Psychiatric care. 

In my eyes I lay here as a burden. My mother and stepfather defeatedly trying to lure me out of my safety net of their spare room, from under the sheets that are keeping me ‘safe’ from the world I am trying to avoid, not wanting to venture out in trepidation.

The psychiatric nurse suggests the safety of the formidable psychiatric hospital, 154 miles away. I have been there before and let me tell you, for a depressive it’s the most harrowing experience.

You have a bare room which consists of a bed, a cupboard with no doors, one plastic chair and en suite bathroom you cannot lock, just a sliding door. In the bathroom there’s no taps nor a lever to flush the toilet. Just sensors, same with the shower. What made me laugh slightly though was there was a shower pole and curtain, much more hazardous than a tap or a door on your cupboard. Even the windows where locked. Surprisingly you could lock your bedroom door although the nurses had keys obviously. Regularly throughout the day they look in to see your still there, like you’d be able to get anywhere else, maybe hide in the doorless cupboard. Worst still though was the nightly hourly checks, ever hour throughout the night the jangle of keys can be heard as they check your in your room. Like being in a prison cell. Don’t get me wrong you can leave the recluse of your bare room to explore the rather worrisome ward. People wonder around looking lost and despondent, the odd person mummers something to the passing nurse ‘why are you talking about me’ that’s met by a stern ‘we are not’ from the nurse as she ushers me forward to show me the facilities. There’s a television area with some seats, some chairs and tables which I’m told is where we are to eat our meals, this induces great anxiety on my part, there’s also a communal kitchen. I forgot to mention when you first arrive in your rather perturbed state, shown to your ‘cell’ as I call it, yourself and the contents of your bad is searched for potentially dangerous objects that could cause harm to yourself or others. Anything sharp, any medications or painkillers, tweezers, razors etc.

This brings me back to the communal kitchen, free to come and go into as you please with a drawer full of knives, forks and the usual utensils. Coffee, tea making facilities, a toaster and a microwave. Now correct me if I’m wrong but you could easily steal a knife from the drawer undetected, I didn’t plan this myself but I didn’t see the logic, given other patients where suppose to be protected from harming themselves.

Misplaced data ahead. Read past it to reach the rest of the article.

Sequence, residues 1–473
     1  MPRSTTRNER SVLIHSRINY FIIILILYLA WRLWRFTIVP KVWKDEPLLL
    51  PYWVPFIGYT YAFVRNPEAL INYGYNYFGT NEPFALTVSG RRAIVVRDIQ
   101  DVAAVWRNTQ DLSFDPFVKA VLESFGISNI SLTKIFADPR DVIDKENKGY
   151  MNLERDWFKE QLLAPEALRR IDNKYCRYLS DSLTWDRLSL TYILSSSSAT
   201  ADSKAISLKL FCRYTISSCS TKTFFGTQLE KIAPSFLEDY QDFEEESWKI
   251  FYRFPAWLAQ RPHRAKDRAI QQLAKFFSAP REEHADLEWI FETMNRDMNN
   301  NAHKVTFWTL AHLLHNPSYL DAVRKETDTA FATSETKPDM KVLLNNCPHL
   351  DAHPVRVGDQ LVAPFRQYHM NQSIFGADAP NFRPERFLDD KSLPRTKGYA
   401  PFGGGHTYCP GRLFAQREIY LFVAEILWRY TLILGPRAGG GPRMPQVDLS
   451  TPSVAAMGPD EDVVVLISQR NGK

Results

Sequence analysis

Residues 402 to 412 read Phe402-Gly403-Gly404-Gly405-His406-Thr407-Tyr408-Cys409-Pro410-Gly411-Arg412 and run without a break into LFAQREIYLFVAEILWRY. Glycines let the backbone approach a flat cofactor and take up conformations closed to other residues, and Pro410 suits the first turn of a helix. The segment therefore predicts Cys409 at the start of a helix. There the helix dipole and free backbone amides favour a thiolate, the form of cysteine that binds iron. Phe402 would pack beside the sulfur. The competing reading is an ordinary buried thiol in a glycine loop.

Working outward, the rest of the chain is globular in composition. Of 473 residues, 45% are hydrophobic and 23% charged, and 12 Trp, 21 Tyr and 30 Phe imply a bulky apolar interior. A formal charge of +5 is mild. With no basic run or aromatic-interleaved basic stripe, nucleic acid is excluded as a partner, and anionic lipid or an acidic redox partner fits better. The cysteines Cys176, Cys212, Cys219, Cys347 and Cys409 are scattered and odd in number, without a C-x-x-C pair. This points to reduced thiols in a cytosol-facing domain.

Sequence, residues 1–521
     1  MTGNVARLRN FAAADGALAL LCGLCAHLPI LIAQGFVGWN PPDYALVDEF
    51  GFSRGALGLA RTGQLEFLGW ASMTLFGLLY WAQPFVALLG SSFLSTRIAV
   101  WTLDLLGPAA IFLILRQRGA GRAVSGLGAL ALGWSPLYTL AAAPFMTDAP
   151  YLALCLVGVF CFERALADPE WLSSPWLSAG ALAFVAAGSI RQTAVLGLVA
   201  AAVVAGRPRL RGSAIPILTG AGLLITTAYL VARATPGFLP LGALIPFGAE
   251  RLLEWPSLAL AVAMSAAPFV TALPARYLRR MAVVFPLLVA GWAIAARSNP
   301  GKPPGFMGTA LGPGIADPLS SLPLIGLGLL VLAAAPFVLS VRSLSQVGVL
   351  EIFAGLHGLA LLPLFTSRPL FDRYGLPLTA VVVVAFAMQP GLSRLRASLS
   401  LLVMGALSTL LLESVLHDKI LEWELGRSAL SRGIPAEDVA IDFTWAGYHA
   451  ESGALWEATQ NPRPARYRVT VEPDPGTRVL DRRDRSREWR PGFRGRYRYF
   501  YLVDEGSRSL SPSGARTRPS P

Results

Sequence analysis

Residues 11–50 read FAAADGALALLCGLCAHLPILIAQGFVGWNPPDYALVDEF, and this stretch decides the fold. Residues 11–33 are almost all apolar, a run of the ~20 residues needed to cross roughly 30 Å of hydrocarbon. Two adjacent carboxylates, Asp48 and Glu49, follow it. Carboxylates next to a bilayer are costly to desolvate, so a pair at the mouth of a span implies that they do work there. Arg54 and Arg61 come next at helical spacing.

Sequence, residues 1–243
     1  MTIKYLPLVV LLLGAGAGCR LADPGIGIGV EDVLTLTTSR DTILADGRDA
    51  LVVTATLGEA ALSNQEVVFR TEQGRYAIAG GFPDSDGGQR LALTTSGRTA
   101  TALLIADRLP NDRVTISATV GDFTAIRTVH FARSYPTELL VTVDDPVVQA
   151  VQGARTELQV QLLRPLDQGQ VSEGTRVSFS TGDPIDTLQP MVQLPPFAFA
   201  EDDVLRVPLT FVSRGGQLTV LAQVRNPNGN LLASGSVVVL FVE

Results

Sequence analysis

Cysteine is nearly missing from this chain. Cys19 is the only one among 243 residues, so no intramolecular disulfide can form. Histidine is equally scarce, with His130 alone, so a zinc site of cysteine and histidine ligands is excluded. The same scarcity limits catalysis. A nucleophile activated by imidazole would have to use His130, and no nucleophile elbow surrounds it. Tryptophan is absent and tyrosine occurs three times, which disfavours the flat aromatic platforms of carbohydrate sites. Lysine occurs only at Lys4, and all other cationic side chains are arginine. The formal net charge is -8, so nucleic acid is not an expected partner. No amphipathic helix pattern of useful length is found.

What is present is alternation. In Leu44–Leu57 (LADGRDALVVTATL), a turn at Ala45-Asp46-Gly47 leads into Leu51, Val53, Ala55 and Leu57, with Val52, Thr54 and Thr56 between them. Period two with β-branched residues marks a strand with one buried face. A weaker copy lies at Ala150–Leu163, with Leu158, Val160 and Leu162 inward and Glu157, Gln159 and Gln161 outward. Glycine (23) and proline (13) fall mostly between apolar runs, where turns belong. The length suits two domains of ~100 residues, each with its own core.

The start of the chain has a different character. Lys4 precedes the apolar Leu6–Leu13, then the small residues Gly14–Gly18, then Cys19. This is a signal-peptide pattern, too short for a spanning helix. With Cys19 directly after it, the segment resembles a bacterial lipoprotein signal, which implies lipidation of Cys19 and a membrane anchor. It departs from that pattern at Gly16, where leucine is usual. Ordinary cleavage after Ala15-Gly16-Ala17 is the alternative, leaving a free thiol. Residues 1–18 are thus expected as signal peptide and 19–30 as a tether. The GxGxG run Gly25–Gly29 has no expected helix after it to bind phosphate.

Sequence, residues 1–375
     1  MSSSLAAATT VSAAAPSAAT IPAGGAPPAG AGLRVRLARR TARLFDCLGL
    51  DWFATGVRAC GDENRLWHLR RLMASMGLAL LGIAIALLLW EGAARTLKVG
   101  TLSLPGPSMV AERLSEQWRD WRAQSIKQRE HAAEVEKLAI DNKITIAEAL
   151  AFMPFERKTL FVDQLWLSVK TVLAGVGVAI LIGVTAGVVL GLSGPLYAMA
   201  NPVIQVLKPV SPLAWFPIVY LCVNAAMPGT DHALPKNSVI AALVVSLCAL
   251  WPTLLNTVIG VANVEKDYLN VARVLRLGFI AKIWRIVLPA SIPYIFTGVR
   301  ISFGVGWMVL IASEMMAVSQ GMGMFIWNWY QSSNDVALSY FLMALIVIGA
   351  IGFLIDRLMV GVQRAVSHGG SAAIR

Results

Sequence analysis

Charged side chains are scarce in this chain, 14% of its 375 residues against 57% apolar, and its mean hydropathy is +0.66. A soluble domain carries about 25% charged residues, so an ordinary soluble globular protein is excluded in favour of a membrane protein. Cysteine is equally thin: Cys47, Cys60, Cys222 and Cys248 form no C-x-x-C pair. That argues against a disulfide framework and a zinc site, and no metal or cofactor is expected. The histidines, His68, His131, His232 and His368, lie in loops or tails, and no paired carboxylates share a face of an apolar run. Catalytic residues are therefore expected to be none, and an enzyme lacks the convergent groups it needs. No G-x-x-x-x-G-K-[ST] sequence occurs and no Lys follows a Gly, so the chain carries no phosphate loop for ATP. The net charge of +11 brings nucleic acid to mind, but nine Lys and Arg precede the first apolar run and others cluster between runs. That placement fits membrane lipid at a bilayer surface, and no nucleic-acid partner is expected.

I was just depressed, needing some help, some therapy something to make me feel alive. This place was just like hell in my eyes. I tried to engage, although severely social anxious, with people around me. There was however a lovely old lady who was there voluntarily who was happy to recall stories of her late husband who she missed painfully. She wore his jacket around her shoulders and she told me how not a day went by she didn’t miss him dreadfully. She seemed perfectly sane, just a little lost. The woman however that sat next to me was recalling how the voices in her head where telling her to do stuff she shouldn’t, I wanted to take that pain away from her, offer some words of support but I didn’t know what to say, I was also slightly anxious and worried for myself which made me feel guilty. She was human after all but a prime example of what the ward was for, I wished silently for her to get better although I knew that she would probably be unwell and here for some time.

To pass some time I reluctantly made toast after some encouragement from the nurse that I should eat some thing. However I found myself making tea and toast for everyone else, because I’m to nice, but their verbal capabilities seemed very restricted, was this medication doing this? They wanted to see who I was, with being in the ward possibly some time you’d want to check out your potential new person sharing the ward. All I could do was smile and try to show I was no threat, that I was friendly and hoped that I wasn’t upsetting any of their routine.

It’s safe to say I stayed mainly in the recluse of my room, counting the hours after every check was made by the porters, meals where called and I remained vigilant to stay where I was, the thought of being out on the ward terrified me after having previously gave it a go. I would stare blankly ahead wondering how on earth I managed to get to this point. If anything was rock bottom, this was it.

Now back in a gloomy place of despair, laying in my mothers spare room, the thought of being back there filled me with fear. Yet I was completely functionless.

Was it the best place to be, or was hospital? I am so unsure…

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